Testing and implementing self-management programs: new approaches needed in Health Technology Assessment and Health Policy

Promising Health Care Technologies, of which self-management programs are excellent examples, require new approaches, tools and foremost: attitudes in health practice, in health care research and in health policy.

19. September 2019 | by Dr Bert Boer | Professor Emeritus in Health Coverage Policy, Erasmus University, Rotterdam

Self-management programs and tools put our traditional way of evaluation and decision-making to a challenge. The traditional research and policy models usually use the example of relatively straightforward interventions, like drugs, to illustrate the importance and practice of what they do. But how must new research techniques look like to meet current challenges?

Old school HTA models offer a simple match of evaluation and decision-making. During the last two decades, however, it appeared that one size doesn’t fit all; usual techniques in research and policy don’t fit anything at all. The HTA (health technology assessment) community encounters all sort of problems due to all sort of complexities and reacted on those challenges inventively, by developing and testing new research techniques and new modes of interaction with policy and practice. How do these challenges look like? And how did researchers and policy makers react? The key word is: interaction. And interaction is easier said than done. It requires a new attitude of all parties in the Health Care arena.

It starts with attitudes, and the only one who can do this is: me. For anyone counts: it starts with me.

Reality puts the rational model of Health Technology Assessment to a challenge

For those interested in policy science: HTA (Health Technology Assessment) once was a typical example of the rational policy model. You start with formulating decision criteria for coverage decisions (like safety, effectiveness, cost-effectiveness); you perform some dedicated research (assessments of the technology) to answer the questions raised by your criteria, and you end up with clear-cut yes-or-no decisions, totally guided by the results of your assessment. However, reality puts the rational model to a challenge, in every aspect. To mention some interesting problems: how do we define which sort of effects are essential to patients, to doctors, to the community (which pays for it)? What to choose in case of divergence? Is there a universal, generally accepted measure and threshold for quality of life aspects? What about cost: what types of cost are to be reckoned with and is there a maximum for cost? May be… also a minimum, are certain technologies too cheap to cover, or do they really meet the definition of health care? How do we involve all relevant parties in the arena, to start with patients, but also industry, taxpayers, health care professionals; and how do we integrate the different perspectives and interests of all those involved? Do we get our study results in due time? What to do if not: conditional reimbursement? And finally: how to evaluate complex, composed programs and how do we account for quick developments in the technology itself, and in the way professionals and patients behave and learn? Can we really ascribe effects to specific elements of the program (devices, communication, user capacities)?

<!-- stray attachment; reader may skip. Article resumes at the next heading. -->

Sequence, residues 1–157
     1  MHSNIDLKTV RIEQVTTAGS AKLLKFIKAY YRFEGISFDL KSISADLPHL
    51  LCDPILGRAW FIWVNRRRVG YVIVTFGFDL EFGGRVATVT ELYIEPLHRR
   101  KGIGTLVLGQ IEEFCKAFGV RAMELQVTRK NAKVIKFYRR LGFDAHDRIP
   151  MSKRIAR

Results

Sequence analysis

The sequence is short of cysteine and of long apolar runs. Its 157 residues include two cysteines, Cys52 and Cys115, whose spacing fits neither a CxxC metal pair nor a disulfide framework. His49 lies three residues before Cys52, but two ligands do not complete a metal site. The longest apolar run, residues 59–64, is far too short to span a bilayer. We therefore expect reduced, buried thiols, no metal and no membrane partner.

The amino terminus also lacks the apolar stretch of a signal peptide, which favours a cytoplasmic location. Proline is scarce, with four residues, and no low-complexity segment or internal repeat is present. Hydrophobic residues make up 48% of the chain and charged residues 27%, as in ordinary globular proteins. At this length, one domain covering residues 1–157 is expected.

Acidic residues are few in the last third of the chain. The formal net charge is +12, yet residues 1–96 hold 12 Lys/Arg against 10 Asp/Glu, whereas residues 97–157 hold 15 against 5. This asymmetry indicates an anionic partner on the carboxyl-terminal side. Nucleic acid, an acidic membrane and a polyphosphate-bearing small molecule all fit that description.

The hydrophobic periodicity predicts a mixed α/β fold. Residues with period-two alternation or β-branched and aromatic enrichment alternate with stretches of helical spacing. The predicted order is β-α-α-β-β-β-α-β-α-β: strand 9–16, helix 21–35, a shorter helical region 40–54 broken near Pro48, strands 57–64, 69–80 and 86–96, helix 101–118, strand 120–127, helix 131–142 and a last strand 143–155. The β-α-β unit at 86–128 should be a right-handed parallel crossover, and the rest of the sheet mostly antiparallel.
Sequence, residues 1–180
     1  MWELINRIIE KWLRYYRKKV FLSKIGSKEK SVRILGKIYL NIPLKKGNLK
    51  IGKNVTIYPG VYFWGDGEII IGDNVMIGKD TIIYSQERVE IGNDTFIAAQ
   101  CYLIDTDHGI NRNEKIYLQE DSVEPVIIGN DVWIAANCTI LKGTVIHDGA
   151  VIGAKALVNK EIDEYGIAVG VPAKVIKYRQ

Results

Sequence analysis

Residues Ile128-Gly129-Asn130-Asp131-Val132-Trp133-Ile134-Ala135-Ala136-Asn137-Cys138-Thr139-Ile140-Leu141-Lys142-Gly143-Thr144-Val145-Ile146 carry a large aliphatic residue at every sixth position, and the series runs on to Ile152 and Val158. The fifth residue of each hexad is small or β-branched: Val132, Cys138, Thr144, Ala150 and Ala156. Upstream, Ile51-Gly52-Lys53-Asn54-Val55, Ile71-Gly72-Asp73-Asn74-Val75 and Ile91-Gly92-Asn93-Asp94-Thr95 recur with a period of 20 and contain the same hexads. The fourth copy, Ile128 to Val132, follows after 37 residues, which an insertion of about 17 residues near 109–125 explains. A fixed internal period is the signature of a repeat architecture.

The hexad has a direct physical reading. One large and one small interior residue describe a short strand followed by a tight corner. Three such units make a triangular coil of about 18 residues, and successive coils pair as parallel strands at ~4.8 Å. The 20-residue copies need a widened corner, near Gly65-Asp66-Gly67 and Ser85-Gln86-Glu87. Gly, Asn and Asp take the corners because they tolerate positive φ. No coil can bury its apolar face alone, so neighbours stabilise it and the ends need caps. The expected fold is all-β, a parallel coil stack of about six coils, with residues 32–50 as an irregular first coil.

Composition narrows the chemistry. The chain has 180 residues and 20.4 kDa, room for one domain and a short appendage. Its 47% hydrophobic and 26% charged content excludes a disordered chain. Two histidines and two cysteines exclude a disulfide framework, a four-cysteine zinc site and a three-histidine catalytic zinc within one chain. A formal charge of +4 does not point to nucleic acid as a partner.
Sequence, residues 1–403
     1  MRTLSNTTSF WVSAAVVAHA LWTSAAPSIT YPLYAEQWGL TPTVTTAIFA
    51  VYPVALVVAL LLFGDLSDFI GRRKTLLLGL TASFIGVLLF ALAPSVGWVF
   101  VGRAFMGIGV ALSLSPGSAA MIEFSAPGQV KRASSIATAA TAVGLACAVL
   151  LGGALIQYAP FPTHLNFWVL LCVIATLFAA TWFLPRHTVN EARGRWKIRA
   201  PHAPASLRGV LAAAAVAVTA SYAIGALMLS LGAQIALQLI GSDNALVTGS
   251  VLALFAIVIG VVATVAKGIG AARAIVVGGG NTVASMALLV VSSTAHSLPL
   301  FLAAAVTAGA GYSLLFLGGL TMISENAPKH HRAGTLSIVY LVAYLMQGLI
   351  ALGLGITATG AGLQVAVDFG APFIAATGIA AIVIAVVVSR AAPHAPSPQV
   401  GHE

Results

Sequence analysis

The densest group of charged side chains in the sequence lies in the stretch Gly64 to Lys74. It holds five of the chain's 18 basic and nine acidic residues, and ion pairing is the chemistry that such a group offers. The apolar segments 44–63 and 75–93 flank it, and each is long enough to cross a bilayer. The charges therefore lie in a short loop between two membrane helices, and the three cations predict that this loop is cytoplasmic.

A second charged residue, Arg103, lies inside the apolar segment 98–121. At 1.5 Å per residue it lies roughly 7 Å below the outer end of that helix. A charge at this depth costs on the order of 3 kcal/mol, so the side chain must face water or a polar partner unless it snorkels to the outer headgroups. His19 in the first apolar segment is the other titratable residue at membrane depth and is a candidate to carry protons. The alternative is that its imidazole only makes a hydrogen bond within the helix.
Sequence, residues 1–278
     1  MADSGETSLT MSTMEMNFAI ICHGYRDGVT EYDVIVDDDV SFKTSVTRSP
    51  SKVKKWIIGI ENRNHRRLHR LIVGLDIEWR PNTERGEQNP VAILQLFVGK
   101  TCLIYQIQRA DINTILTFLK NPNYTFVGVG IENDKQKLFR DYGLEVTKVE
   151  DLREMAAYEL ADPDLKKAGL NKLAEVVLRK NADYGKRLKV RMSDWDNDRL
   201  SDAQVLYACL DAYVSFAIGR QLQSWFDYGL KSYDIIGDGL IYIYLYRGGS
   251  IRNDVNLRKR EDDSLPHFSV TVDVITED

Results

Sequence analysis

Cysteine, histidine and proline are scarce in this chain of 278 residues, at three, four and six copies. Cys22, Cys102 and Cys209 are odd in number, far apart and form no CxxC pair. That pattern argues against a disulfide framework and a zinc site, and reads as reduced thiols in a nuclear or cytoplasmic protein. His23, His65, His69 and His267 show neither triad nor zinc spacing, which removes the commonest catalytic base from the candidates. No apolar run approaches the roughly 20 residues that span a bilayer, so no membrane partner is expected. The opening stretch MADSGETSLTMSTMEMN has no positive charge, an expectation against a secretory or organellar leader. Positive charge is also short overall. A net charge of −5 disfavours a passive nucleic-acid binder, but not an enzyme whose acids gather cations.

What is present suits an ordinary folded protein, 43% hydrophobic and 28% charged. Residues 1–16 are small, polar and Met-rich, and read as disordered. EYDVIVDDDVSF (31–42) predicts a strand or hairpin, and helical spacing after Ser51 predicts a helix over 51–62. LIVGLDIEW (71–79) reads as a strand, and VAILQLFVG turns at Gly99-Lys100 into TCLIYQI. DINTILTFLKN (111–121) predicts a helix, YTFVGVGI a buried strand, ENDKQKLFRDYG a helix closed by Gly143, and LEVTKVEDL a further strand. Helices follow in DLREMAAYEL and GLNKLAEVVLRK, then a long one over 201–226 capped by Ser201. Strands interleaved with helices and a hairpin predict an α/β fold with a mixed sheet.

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Dr Bert Boer

Dr Bert Boer is a Professor Emeritus in Policy and Research for Health Care Coverage, Erasmus University, Rotterdam. He investigates and teaches contents, procedures, criteria, policy implications of Health Care coverage decisions. Until 2015 he was Executive Member of the Board of the National Health Care Institute in the Netherlands.

Interactivity requires new attitudes

I have a strong conviction: all parties involved have to look out of their own window (be aware of their specific view on things) into the garden (knowledge, interests, values) of the other ones, ask questions and listen to the answers with an open mind. Interactivity is needed between patients and doctors, professionals and policy makers, researchers and HC providers, patients and taxpayers. Surely, we need new policy instruments and regulations, we need new research techniques, we need new organisational skills of professionals and providers, but all that won’t help if we do not learn, listen, leave our silos and bubbles: it starts with attitudes, and the only one who can do this is: me. For anyone counts: it starts with me.

Therefore, it seems that if we want to take advantage of the potential benefits and advantages of apps for self-management, we need to tailor those apps to the circumstances of the people using them. And there is still much to learn on the specific circumstances in which the self-management apps work best and how to sustain it overtime. COMPAR-EU aims to contribute in this area by performing sub-group analysis on the effectiveness of app-based self-management interventions to help identify precisely those areas of success, contributing to expand them across Europe.